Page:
A Maccabi Premier Division footballer who claims he was called “a Paki” by an opponent in April is outraged that the London FA has yet to hold a hearing into the incident.
Virgil Levy, who is of South American origin, also alleges that he was called “Asian” and told that he “should not belong in the community or in the league” during the game between his team, Montana Boca, and Glenthorne in April.
No action was taken by the match officials when he reported the abuse. But following an internal investigation, Glenthorne expelled midfielder Ashley Rubin and his team-mate Jamie Cooper was fined £100 and given a severe warning about his conduct.
The Maccabi League referred the matter to the London FA, which this week blamed the delay on problems identifying who was responsible for the alleged abuse.
This explanation did not satisfy Mr Levy, an insolvency practitioner. “There was a hearing scheduled for July and the offending party said he could not attend, so it was adjourned. Since then nothing’s happened.
“I suffered a lot of abuse at school but at the age of 29 I didn’t expect it would be carrying on. It’s what arrogant young Jewish kids do these days. I just have to get on with it.”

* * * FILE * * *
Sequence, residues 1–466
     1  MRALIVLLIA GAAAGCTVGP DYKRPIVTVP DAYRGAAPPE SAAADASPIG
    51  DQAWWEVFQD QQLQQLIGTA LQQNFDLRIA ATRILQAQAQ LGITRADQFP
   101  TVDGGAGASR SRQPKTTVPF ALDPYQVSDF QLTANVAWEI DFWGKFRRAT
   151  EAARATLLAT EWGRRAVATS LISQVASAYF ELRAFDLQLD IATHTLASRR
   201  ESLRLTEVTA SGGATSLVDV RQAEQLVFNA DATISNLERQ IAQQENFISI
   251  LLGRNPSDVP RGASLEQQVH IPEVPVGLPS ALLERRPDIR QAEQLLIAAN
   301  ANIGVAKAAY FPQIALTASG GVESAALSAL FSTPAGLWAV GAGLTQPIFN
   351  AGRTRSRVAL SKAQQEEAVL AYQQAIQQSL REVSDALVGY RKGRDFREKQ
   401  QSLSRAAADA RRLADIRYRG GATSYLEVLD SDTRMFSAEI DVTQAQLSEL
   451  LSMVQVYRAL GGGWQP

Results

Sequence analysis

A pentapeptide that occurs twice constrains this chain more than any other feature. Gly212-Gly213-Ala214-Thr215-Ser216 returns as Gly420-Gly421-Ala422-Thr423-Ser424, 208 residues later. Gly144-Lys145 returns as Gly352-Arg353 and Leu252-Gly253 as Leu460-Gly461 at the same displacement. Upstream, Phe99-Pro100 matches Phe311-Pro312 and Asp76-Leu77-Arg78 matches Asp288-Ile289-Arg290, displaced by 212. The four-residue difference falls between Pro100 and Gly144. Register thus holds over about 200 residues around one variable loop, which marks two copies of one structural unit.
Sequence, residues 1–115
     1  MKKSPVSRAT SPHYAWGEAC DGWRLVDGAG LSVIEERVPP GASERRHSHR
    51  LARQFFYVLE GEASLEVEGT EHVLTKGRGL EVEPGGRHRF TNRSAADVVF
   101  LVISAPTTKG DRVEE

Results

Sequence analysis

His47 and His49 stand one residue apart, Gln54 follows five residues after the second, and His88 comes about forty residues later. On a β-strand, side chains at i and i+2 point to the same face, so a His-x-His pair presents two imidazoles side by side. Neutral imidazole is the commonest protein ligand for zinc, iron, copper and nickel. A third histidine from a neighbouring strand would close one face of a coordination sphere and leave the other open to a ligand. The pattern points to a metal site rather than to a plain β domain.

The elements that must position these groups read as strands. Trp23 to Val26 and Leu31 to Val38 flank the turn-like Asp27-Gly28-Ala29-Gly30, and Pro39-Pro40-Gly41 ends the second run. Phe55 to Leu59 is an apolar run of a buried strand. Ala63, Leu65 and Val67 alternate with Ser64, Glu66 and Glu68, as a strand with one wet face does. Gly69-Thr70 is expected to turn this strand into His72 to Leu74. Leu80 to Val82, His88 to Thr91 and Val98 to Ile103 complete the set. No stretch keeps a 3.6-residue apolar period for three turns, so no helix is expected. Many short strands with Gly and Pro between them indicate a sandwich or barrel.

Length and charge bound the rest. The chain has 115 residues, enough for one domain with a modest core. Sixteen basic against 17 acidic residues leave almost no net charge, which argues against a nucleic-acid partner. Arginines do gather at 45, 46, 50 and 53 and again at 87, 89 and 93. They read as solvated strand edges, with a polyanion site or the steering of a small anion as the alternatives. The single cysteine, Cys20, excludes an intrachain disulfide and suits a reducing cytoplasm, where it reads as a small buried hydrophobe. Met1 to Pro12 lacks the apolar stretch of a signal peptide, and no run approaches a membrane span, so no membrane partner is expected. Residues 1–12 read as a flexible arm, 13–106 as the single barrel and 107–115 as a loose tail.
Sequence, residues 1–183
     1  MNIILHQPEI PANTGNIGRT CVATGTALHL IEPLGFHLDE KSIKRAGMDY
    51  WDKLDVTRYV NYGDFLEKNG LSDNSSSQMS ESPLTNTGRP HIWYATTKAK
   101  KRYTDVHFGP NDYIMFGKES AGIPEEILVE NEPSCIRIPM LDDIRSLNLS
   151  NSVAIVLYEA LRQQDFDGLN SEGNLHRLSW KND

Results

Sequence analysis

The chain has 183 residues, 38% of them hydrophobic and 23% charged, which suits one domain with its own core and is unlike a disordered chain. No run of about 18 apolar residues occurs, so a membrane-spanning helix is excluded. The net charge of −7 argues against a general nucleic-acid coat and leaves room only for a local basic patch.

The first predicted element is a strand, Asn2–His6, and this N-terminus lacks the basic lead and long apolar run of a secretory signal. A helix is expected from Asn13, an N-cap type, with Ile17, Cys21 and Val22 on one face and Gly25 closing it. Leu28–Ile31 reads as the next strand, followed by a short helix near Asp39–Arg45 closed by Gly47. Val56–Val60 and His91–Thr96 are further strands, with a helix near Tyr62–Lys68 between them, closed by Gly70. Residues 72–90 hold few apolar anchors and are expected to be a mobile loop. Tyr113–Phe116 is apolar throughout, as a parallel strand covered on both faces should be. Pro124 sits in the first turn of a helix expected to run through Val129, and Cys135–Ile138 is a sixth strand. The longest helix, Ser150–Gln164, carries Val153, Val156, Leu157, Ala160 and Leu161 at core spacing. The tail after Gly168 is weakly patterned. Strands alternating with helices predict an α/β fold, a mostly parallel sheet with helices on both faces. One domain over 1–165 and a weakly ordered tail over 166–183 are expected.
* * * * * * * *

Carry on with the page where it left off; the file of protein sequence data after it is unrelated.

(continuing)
Mr Levy has not played in the league since the Glenthorne game and has vowed not to participate in any Maccabi sport until the disciplinary matter is resolved.
A Montana Boca spokesman said: “What amazes us is that fines [for match offences] arrive within days and are expected to be paid almost immediately, but a pertinent issue like this, which is high on the governing body’s agenda, is not dealt with as a priority. We fail to understand why it is taking so long.”
Glenthorne representatives declined to comment this week. In April, Mr Rubin denied being a racist, adding: “I called him a Pakistani, not a Paki. It is minor and pathetic.”
Confirming that two hearings had been adjourned, London FA chief executive David Fowkes said: “We have had information that the wrong person was charged and we have now quashed that charge and raised new charges.
“We have fresh evidence against the person we believe is the correct alleged offender.”
The FA attempted to deal with racist incidents within 28 days of a charge being made, but delays were possible if those facing allegations requested an adjournment.
Mr Fowkes could not say when Mr Levy’s case would be concluded.The Maccabi League declined to comment on the matter while it was under FA investigation.
Sports Minister Gerry Sutcliffe wrote to the Football Association last week threatening to cut government funding for the sport’s grassroots over the FA’s handling of issues including racism.